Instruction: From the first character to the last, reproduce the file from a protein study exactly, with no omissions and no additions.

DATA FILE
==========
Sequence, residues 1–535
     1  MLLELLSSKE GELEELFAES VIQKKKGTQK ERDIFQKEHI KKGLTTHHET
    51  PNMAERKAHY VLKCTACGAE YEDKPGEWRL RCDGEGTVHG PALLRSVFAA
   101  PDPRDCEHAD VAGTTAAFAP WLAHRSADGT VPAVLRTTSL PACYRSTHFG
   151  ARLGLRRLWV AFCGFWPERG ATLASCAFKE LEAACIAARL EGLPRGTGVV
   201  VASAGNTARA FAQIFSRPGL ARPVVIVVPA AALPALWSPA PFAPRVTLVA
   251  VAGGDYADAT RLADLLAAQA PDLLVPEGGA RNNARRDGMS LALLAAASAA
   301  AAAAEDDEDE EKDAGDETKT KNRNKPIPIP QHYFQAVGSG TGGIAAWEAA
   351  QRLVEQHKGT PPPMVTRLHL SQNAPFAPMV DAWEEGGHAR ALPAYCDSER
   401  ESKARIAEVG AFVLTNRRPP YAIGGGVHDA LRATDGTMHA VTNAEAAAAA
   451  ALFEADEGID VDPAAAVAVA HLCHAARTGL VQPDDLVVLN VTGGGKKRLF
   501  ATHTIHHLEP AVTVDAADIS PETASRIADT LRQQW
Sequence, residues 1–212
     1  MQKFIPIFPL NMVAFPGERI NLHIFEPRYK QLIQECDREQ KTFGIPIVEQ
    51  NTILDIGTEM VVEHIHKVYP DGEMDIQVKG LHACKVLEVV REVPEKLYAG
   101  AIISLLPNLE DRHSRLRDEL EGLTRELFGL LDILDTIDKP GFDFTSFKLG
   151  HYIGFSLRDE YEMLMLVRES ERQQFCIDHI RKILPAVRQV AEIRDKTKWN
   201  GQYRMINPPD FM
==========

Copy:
Sequence, residues 1–535
     1  MLLELLSSKE GELEELFAES VIQKKKGTQK ERDIFQKEHI KKGLTTHHET
    51  PNMAERKAHY VLKCTACGAE YEDKPGEWRL RCDGEGTVHG PALLRSVFAA
   101  PDPRDCEHAD VAGTTAAFAP WLAHRSADGT VPAVLRTTSL PACYRSTHFG
   151  ARLGLRRLWV AFCGFWPERG ATLASCAFKE LEAACIAARL EGLPRGTGVV
   201  VASAGNTARA FAQIFSRPGL ARPVVIVVPA AALPALWSPA PFAPRVTLVA
   251  VAGGDYADAT RLADLLAAQA PDLLVPEGGA RNNARRDGMS LALLAAASAA
   301  AAAAEDDEDE EKDAGDETKT KNRNKPIPIP QHYFQAVGSG TGGIAAWEAA
   351  QRLVEQHKGT PPPMVTRLHL SQNAPFAPMV DAWEEGGHAR ALPAYCDSER
   401  ESKARIAEVG AFVLTNRRPP YAIGGGVHDA LRATDGTMHA VTNAEAAAAA
   451  ALFEADEGID VDPAAAVAVA HLCHAARTGL VQPDDLVVLN VTGGGKKRLF
   501  ATHTIHHLEP AVTVDAADIS PETASRIADT LRQQW
Sequence, residues 1–212
     1  MQKFIPIFPL NMVAFPGERI NLHIFEPRYK QLIQECDREQ KTFGIPIVEQ
    51  NTILDIGTEM VVEHIHKVYP DGEMDIQVKG LHACKVLEVV REVPEKLYAG
   101  AIISLLPNLE DRHSRLRDEL EGLTRELFGL LDILDTIDKP GFDFTSFKLG
   151  HYIGFSLRDE YEMLMLVRES ERQQFCIDHI RKILPAVRQV AEIRDKTKWN
   201  GQYRMINPPD FM